Ever since I'd seen Kate's terrarium I'd put it on a list of things I wanted to do with my children over the summer. I showed them her post and then we spent a few hours on Pinterest discussing what our ideal dreamy-looking terrarium might include.
We waited until we were precisely one day into the holidays (I'd said we'd do it 'at some point' but I had as much desire for delayed gratification as they did) before eagerly gathering supplies and setting to work. Choosing the plants was an integral part of the making-a-terrarium fun and we ended up laying them all out on the floor of the garden centre and then putting them back one by one until we'd narrowed our choices down - there's something about the miniature and unusual appearance of succulents that makes them utterly appealing to children. The terrarium pictured below is the one my son made.
Once we'd returned home we spent the entire day in the garden in the hot sun assembling them. It will go down in my memory as one of the most enjoyable days I've ever spent with my children - they were so inspired by the plants and the images that we'd seen on Pinterest that they were bubbling over with unwilting enthusiasm for the entire day. We made lots of things that we didn't end up including in the final arrangement - such as miniature bunting strung between two sticks and signposts. We did include the tiny ponds we made, using vitamin bottle lids covered in Liberty print fabrics and then over-pasted with a few layers of Mod Podge (an amazing glue that gives fabric a lacquered finish) to help withstand the terrariums being watered.
I made the one at the front left of the above photo as a birthday gift for my grandmother...the same one mentioned in previous posts whom my sister and I made gnome gardens with over three decades ago. It's now safely in her own house and she was delighted by it.
My daughter made this fairytale-style terrarium with Rapunzel's tower as her inspiration - she's not a girly-girl, so it's a very un-Disneyfied version of the classic, with even the pond covered in a subtle sage green Liberty print that blends in with its surroundings (you can see the pond in the photo at the top of this post).
I also made a few to go around the house: one for the fireplace in the living room, using the beautiful cedar roses my husband found a few years ago. (the bowl doesn't have strange ridges on its lip - that's the reflection of the grate from the fire)
And another for the red fireplace...that erm...isn't red anymore! As suddenly as my wish for colour hit me, it vanished again. This fireplace might appear to be entirely cream...but it's actually far more interesting than that. The back wall of it is painted in a contrasting shade of stone that only highly colour-attuned people can actually see. Can you see it? It's only having forayed into being a person who uses a splatter gun to spray bold colours around the house (actually, it was only ever just one room), that I'm able to conclude that I'm totally happy being someone who surrounds herself in a neutral palette of creams and whites, even if that makes me a little boring.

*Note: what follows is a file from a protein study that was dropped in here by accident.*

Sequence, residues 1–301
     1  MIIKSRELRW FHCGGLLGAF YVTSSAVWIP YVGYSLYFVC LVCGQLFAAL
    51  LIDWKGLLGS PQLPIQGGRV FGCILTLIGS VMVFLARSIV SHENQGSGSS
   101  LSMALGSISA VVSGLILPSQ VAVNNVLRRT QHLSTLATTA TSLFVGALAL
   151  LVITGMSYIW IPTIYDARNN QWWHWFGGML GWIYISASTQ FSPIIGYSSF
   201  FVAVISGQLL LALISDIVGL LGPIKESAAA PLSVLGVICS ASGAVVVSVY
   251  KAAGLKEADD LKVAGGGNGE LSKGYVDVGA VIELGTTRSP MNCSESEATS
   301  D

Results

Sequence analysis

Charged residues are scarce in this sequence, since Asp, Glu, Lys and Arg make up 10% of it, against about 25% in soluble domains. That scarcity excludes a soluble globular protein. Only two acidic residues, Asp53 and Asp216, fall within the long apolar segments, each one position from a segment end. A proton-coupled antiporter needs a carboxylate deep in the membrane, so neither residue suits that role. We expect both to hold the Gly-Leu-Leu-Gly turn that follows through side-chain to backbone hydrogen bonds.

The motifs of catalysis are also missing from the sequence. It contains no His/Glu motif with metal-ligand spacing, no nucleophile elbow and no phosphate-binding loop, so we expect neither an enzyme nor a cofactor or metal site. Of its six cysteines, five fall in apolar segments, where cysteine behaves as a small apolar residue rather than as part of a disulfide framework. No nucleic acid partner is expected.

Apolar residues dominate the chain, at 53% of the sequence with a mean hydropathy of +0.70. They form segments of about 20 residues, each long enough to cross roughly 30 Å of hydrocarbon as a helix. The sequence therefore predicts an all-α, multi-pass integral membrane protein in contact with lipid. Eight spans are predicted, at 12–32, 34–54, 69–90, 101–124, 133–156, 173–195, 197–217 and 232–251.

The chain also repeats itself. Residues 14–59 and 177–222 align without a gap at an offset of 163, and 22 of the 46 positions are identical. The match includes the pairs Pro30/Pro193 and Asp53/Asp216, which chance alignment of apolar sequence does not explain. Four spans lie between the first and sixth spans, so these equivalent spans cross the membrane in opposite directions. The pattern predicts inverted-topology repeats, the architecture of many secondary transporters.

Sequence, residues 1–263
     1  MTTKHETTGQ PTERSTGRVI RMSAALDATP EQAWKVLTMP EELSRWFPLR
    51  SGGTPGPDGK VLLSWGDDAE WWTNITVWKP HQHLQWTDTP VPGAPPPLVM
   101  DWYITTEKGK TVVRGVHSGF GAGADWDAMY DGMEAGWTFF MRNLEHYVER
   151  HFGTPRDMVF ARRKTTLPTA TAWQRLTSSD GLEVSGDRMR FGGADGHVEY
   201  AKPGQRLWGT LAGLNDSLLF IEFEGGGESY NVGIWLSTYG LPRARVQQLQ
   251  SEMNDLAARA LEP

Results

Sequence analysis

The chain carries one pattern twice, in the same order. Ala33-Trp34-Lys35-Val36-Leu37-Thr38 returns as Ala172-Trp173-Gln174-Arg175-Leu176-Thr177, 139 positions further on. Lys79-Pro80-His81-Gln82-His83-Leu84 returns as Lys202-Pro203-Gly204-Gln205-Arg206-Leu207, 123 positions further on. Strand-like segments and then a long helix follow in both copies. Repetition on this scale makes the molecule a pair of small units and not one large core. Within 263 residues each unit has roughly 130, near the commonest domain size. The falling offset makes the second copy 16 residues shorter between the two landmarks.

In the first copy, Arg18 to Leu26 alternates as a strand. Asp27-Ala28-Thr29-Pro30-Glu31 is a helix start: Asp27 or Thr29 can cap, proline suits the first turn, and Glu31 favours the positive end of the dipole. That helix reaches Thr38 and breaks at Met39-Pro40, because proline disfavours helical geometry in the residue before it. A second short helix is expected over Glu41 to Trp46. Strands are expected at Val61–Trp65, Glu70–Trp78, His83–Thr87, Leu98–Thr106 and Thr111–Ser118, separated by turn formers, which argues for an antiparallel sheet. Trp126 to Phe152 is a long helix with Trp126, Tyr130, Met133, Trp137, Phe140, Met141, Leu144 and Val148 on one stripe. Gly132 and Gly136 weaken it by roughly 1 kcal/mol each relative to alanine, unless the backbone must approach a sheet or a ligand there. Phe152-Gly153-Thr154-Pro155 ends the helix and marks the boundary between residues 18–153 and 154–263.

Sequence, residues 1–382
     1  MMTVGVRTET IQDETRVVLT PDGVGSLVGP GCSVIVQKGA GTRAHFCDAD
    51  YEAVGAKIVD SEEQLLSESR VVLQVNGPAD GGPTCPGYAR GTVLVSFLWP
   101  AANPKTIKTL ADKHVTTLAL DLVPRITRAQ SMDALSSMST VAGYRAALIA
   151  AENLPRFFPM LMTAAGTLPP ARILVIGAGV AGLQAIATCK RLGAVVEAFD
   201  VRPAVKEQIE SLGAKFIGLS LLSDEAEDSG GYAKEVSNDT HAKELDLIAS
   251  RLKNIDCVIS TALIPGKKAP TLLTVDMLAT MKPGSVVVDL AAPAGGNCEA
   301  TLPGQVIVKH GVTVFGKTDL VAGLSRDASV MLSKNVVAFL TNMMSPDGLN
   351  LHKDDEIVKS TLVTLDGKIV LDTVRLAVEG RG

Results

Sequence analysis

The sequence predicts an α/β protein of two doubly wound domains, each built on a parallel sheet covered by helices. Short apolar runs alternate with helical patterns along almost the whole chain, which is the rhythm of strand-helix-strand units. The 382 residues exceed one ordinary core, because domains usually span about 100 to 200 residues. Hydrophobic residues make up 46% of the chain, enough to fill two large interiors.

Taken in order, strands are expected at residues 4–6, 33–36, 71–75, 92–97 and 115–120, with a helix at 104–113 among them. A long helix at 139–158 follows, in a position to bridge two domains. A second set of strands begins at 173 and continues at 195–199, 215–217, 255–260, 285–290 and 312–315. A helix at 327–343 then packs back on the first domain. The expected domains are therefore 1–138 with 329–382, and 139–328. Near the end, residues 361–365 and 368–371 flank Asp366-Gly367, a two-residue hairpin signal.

Making a terrarium is a fairly expensive activity, so we spent some time sourcing the most reasonably priced materials. My children actually seemed to embrace this as part of the project as I'd told them at the outset that we could either make one joint terrarium if the cost was prohibitive or each make our own, plus make one for their great grandmother, if we could source reasonably priced materials. I was hoping desperately for the latter as I'm much more able to control my 'helpful-suggestion-tendency' if I have my hands busy with my own project. We found that we could buy succulents and cacti at the garden centre at Homebase for around 75p each (compared to £2.50 at our local independent garden centre...a saving of over £50 when you're buying around 30 plants! I usually choose to support independents, but on this occasion economy won) and after a lot of searching we found a source of beautiful large glass bowls and vases, mostly for around £5 or £6 each at an end-of-line outlet. The most expensive part of the project was buying the charcoal from our local aquatics centre, which is boring but essential as it will help to keep the terrarium fresh.
One interesting thing that came about when I told my mother that we were making 'terraniums' was that she suggested that this word - which is commonly used to describe these gardens on Pinterest and produces over 60,000 search results on Google - isn't actually a word that exists in the English dictionary, but rather the word should be 'terrarium'. As soon as she'd said it, it made sense. Just like an aquarium that holds water, a 'terrarium' would hold earth (terra being latin for earth, and arium, although not being a word in its own right, commonly being an ending that describes a receptacle to put things in). And yet, most people seem to understand what the newly-created word 'terranium' means and it seems to have become a word in its own right because of its apparent misuse* over the internet. Either way, having initially taught them the incorrect word, my children have been most resistant to re-learning this word in its correct form as apparently it doesn't flow off the tongue nicely. I can see their point and I'm not against its wilful misuse because in some ways it feels nicer and as though it also gives a nod to the word 'subterranean' in sound which in some ways feels right for describing gardens that grow beneath the rim of the vase, like a secret garden.
If you'd like to make your own terranium or terrarium you can find more how-to details on Kate's blog.
And while we're on the subject of fictitious words, I should clarify that when I said in my last post that Timeless Fabrics are opening up a fabric shop in Milton-on-Sea in Hampshire, they're not. They're actually opening up a shop in Milford-on-Sea. I'm sorry if my invented place brought to mind images of a fabric shop against a backdrop of sterilising tablets floating on sea...or even the bobbing head of the poet John Milton amongst the waves. And while we are updating on my last post, I have heard back from two of the three Simons (there were actually only two Simons, but I did suggest that a further one may be using a pseudonym) - one who expressed his relief at my having outed his double life, another who signed himself Simon & Simone. The third has remained eerily quiet.